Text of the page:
[HOMILY] American Individualism and the Holy Family
My sister moved to Butte a few years ago. She told me a story that shortly after arriving, she was introducing herself to an elderly woman at her workplace. She only introduced herself by her first name and the woman immediately asked, “What is your last name?” She told her, the woman thought for a bit then asked, “What’s your maiden name?” My sister told her that as well, she thought for a while, surely climbing all around on that mysterious Butte family tree all the way out to the smallest branches, then concluded: “I don’t know those names.” The conversation was over, she lost interest in my sister- she did not know her.
It’s interesting to think of names, why they matter, what they mean. I have been pondering this a lot since coming to Butte because of how incredibly important they are here. I have concluded that it is a very good thing to care about names. My name matters because my family matters. If there is one thing the city of Butte knows well, its family. I grew up caring very much for my family but somehow simultaneously wrapped up in the individualistic culture of America which told me “family is great but you need to make it on your own, buddy.” It is as though our culture presents the idea to us that we all ought to be lone wolves, always carving our own path.
There is, of course, some truth to the idea that we need to make our own way, claim our lives as our own. But the impression that our family is not a crucial part of that process — that it isn’t essential to who we are — is foreign to the whole history of humanity! Alexis De Tocqueville had a funny critique of Americans saying we are a country of free men and women standing side by side, yet refusing to hold hands.
I love Butte because this town transcends the individualistic mess. You care deeply about your family. I don’t want to make Butte out to be some utopia, but I have noticed the tremendous importance family life has in your lives- and not just the nuclear family, but the extended family, all the way out the shirttail relatives. Family pride is so strong here, and that points to something deep, something I think we learn from contemplating the holy family.
When we ponder on the Holy Family- what do we think? What do we imagine their home life looked like? It’s hard to wrap our minds around it but I think we can gain a few insights from the Scriptures we are given. First, Jesus was obedient to his parents. One thing we know for sure is that there could never have been a prideful moment of parenting in that Nazareth home, if for no other reason than the knowledge of who you are guiding. This makes for a wonderful contemplation- How often do you make parenting decisions based on pride? How often are you unwilling to be corrected- by spouse, friend, or even child- when you’re wrong? It is always better to take the road of humility.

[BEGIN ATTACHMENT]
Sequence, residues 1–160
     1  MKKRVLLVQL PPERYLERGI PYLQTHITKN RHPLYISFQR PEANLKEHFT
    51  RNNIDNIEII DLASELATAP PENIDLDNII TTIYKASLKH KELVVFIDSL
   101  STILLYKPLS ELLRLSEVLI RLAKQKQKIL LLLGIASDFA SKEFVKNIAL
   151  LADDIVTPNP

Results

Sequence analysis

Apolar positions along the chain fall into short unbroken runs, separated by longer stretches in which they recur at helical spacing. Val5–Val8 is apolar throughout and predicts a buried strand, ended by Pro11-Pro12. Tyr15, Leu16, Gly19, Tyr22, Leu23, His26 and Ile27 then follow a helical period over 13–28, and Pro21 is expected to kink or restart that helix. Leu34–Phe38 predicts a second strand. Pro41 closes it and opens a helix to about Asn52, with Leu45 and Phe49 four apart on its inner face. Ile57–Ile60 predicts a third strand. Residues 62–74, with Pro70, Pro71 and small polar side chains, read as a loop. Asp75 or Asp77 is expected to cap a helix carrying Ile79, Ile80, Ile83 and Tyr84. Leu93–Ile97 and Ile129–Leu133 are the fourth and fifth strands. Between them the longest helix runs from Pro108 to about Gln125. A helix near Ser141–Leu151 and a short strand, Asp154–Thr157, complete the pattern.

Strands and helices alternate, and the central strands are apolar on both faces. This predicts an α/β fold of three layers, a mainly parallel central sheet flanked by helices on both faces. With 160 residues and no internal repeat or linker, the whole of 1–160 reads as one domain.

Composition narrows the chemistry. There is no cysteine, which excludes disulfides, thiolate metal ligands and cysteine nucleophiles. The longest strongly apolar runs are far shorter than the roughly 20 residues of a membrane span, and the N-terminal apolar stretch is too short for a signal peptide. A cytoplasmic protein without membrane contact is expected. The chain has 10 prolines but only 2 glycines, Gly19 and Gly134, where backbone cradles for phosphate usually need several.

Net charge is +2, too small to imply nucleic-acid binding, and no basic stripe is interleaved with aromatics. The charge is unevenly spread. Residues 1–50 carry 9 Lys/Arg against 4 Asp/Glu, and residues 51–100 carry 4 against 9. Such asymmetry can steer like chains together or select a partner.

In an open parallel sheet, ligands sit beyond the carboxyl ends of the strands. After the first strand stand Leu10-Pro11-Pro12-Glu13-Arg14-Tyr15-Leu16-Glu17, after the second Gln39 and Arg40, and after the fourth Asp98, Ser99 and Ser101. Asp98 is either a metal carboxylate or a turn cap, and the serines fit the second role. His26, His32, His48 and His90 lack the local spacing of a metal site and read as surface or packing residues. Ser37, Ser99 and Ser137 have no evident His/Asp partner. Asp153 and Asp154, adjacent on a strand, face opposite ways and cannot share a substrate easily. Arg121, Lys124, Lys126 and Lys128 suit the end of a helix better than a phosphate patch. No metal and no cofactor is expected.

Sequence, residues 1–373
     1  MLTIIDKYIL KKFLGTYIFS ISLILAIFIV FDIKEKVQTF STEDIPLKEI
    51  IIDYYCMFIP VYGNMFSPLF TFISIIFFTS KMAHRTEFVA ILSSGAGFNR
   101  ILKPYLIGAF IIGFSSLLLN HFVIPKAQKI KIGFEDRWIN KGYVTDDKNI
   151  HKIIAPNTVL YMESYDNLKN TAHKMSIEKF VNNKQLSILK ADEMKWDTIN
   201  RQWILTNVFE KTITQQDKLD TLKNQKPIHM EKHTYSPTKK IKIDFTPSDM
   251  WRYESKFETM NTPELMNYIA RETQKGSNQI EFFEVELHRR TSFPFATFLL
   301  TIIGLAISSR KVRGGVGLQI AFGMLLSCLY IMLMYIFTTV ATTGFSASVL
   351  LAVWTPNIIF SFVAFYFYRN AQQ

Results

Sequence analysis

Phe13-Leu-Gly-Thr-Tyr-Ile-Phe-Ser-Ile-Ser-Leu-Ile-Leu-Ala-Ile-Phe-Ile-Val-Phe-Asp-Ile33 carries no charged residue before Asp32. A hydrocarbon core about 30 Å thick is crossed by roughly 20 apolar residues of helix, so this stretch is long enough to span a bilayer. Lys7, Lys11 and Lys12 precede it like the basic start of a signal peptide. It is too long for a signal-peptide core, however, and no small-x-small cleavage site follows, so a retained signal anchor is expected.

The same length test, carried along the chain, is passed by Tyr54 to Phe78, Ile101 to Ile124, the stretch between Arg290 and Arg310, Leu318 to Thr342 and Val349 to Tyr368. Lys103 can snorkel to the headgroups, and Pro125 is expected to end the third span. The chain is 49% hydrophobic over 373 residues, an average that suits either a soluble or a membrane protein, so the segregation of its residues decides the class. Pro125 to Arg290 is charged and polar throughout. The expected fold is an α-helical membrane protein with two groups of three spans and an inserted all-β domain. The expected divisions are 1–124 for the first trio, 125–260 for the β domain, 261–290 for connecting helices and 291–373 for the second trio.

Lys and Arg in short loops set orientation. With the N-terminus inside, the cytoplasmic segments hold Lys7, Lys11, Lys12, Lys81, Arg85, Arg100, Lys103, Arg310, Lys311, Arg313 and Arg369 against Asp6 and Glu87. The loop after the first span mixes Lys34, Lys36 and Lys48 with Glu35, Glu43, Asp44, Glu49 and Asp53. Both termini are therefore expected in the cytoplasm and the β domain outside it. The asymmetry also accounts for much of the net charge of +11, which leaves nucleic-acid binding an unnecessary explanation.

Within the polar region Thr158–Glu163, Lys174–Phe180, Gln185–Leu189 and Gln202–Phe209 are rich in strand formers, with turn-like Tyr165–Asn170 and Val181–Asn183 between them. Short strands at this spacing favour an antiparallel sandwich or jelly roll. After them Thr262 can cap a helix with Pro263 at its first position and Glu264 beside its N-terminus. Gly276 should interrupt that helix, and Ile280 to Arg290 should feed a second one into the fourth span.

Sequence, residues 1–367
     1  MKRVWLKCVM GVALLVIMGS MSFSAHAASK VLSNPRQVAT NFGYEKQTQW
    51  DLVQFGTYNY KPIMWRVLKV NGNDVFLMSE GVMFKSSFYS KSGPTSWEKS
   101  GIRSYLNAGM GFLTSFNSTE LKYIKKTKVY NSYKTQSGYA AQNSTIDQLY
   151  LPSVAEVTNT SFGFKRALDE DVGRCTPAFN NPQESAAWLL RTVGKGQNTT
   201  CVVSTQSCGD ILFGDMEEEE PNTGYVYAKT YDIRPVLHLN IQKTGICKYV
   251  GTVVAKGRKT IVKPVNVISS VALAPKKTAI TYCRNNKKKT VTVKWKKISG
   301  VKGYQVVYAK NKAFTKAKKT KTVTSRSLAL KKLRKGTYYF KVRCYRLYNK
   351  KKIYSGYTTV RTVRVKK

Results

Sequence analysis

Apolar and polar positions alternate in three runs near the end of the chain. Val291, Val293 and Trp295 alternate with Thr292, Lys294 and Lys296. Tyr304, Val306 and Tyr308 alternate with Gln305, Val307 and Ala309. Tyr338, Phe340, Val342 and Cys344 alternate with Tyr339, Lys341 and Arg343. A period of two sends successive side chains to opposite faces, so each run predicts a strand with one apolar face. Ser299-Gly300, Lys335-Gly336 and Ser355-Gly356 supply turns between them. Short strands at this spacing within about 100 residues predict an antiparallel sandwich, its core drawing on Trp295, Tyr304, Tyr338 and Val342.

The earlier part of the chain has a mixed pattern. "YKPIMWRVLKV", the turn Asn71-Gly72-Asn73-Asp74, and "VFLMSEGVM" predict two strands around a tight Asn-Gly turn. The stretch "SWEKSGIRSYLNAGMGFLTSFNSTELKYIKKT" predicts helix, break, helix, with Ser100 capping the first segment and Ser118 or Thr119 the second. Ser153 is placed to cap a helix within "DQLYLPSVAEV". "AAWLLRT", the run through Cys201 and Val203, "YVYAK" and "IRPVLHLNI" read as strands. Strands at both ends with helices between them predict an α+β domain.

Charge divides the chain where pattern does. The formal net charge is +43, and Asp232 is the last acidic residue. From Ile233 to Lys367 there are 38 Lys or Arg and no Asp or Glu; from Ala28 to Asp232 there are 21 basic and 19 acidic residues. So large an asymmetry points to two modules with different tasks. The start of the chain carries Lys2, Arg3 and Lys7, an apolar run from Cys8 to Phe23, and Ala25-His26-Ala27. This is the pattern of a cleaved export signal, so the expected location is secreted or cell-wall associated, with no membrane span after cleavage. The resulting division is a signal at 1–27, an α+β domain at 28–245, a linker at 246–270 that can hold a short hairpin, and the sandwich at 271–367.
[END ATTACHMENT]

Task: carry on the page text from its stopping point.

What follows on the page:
In the Holy Family, there was always careful consideration for the good of the other. This circle of three were always concerned with each other’s good and not their own. We see in our gospel the great moment in the temple, the great prophecy that left the child’s father and mother amazed at what was said about him. Yet, even amidst the miraculous moments of parenting the Son of God, the Messiah, there were surely 1000s of totally mundane moments. Fulton Sheen points out that Jesus spent three hours on the Cross, three days in the tomb, three years teaching, 30 years being obedient.
That is parenting- the daily grind. Yet, amidst that daily grind there are so many beautiful moments where you are forced to act outside yourself, forced to put your own needs aside for the one you love, and this is the road to holiness. Remember these moments, don’t let them pass you by, learn something from them. Do as Mary and Joseph and ponder all these things in your heart.
Another wonderful thing we can learn from the Holy Family is the true meaning of spousal love. Joseph, out of love of Mary, remained chaste. She was destined from the beginning to be consecrated to God and Joseph accepted that. He is the model of the chaste father- which is why he is also such a great model for me as a priest- but through this self-sacrifice, he teaches us to love our spouse for their own sake, not for our own gain. Sometimes this requires heroic sacrifice.
Also, Joseph teaches to always take a posture of humility in marriage- you as spouses are responsible to get one another to heaven, that is your mission. That is a mission beyond your capacity, you by yourself are incapable of doing the primary task of your vocation. This ought to give you a sense of humility. Yet, whenever God demands something great, he gives us the tools to accomplish the task. No matter the situation in which you find your marriage, no matter how difficult it seems to be now, God is giving you the grace to live it out heroically.
You are Butte people, you know family is worth fighting for, work to live the interior life of the Holy Family, really work for it. Jesus knows us, he knows the struggle it is for us to love our family well, so we can be assured that the favor of God is upon us in this endeavor- take courage and live this heroic vocation well!